12. peter north says:

    Thanks BR. Especially loved the Spencer quote.

  13. NormanB says:

    What should have happened in the meltdown is that the businesses should have been saved but all of the stock market equity and bond holder assets should have been wiped out, a lesson for taking too much risk and not paying attention.

    Thus, all of the Goldman Sachs’s (and of BAC, GE, etc) employees/directors/insiders would have been zeroed out. Then new corporate structures should have put into place with whomever the government decided could still perform their functions.

    It would have been a little messy but the lesson would have certainly have been learned and we would have had very little need of the monstrous financial regulation package which certainly will be loop-holed to death. If you think not, remember the notatial value of derivitives is now higher than post-Lehman and you can still think you are buying, for instance, guarantees against the default of Greek bonds.

    A potential repeat of personal asset wipe out would have brought all of the cuprits in line, for at least a decade or two. Proof of this is that the wipe out of Arthur Anderson accomplished not by laws but by their clients fleeing them got all of the other accounting/auditing firms in line.

  14. ToNYC says:

    We get the democracy we paid for; exchanging our work products for our choices, lubed by the currency and whose size being an adequate representation of that collective work product. We brokered these social contracts through elected representatives while the majority worked for a corporation and thought the deal was great with the “I got mine, Jack!” attitude. Face it; we phooked up.
    Maybe we can imagine craving and paying up for some thing more sustainable than the next greatest twitter machine.

  15. BigD173 says:

    BR,

    Love your quote from Herbert Spencer (“The ultimate result of shielding men from the effects of folly is to fill the world with fools”) — but isn’t your recent proposal to write down the principal on underwater mortgages likely to create quite a number of fools? Please consider:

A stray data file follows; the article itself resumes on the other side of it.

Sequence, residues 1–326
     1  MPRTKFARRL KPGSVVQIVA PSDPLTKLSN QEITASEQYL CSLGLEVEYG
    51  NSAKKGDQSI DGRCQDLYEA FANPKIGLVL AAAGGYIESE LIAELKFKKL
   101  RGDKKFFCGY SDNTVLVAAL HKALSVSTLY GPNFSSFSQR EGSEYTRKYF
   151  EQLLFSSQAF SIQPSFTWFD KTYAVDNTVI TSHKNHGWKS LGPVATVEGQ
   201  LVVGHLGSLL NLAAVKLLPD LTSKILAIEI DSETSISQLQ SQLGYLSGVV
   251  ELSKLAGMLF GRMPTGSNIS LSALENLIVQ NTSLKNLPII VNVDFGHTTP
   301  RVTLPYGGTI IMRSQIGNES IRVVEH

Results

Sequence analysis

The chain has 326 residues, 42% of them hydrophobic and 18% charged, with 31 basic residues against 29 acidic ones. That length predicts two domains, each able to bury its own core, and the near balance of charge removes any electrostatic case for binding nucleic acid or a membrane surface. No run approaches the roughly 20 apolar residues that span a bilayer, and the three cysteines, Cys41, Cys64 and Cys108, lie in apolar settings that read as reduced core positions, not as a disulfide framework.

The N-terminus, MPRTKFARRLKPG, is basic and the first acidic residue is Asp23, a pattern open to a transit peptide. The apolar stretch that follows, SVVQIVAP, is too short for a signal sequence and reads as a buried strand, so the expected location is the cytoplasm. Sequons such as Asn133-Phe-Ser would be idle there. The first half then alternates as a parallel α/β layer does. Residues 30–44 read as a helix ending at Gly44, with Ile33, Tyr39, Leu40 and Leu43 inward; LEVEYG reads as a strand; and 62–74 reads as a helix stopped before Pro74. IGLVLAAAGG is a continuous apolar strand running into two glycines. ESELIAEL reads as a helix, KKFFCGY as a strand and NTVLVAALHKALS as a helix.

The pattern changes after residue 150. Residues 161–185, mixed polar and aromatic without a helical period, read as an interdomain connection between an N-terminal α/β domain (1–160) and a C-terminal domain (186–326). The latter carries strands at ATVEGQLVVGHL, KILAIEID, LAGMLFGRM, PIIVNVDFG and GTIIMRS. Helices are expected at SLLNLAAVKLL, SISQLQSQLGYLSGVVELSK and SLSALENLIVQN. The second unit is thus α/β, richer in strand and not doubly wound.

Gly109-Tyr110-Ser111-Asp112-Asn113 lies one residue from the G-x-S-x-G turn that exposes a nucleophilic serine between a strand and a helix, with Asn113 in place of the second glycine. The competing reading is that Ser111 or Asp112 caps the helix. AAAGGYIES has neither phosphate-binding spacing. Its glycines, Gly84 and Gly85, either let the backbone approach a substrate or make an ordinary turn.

5) Mortgage Principal Write Down Plan: Buyers paid too much, banks lent too much against residences at the top of the RE cycle. To get the sector healthy again requires prices to normalize, which is now occurring thru Foreclosure. An alternative is a voluntary principal write-down, where both the borrower and lender split the losses. An underwater home is refinanced at its 2011 appraisal value, with the mortgage shortfall rolled into a 10 year interest free balloon payment. Banks cut the balloon loan in half in year 10, rolling it into the existing mortgage (assuming the owner stays current on mortgage).

  16. ToNYC says:

    @ BigD173 Says:

    You would fund your retirement from a strctured finacial product ( hedged of course with the imaginary fairie CDS backup (BRK.A style puts) the balloon so created…or would you rather keep your USTs?
    Sold to you if the former.

  17. wunsacon says:

    >> this whole “if only they wouldn’t have let Lehman fail” canard seems to be gaining traction

    I suspect a Wall Street campaign behind this. Or, at least, a push or funding from non-objective parties.

    Think about it. If they can “sell” that to people, it supports the “don’t return to the old-school regulation” argument. Or, at least, it distracts from discussing that issue.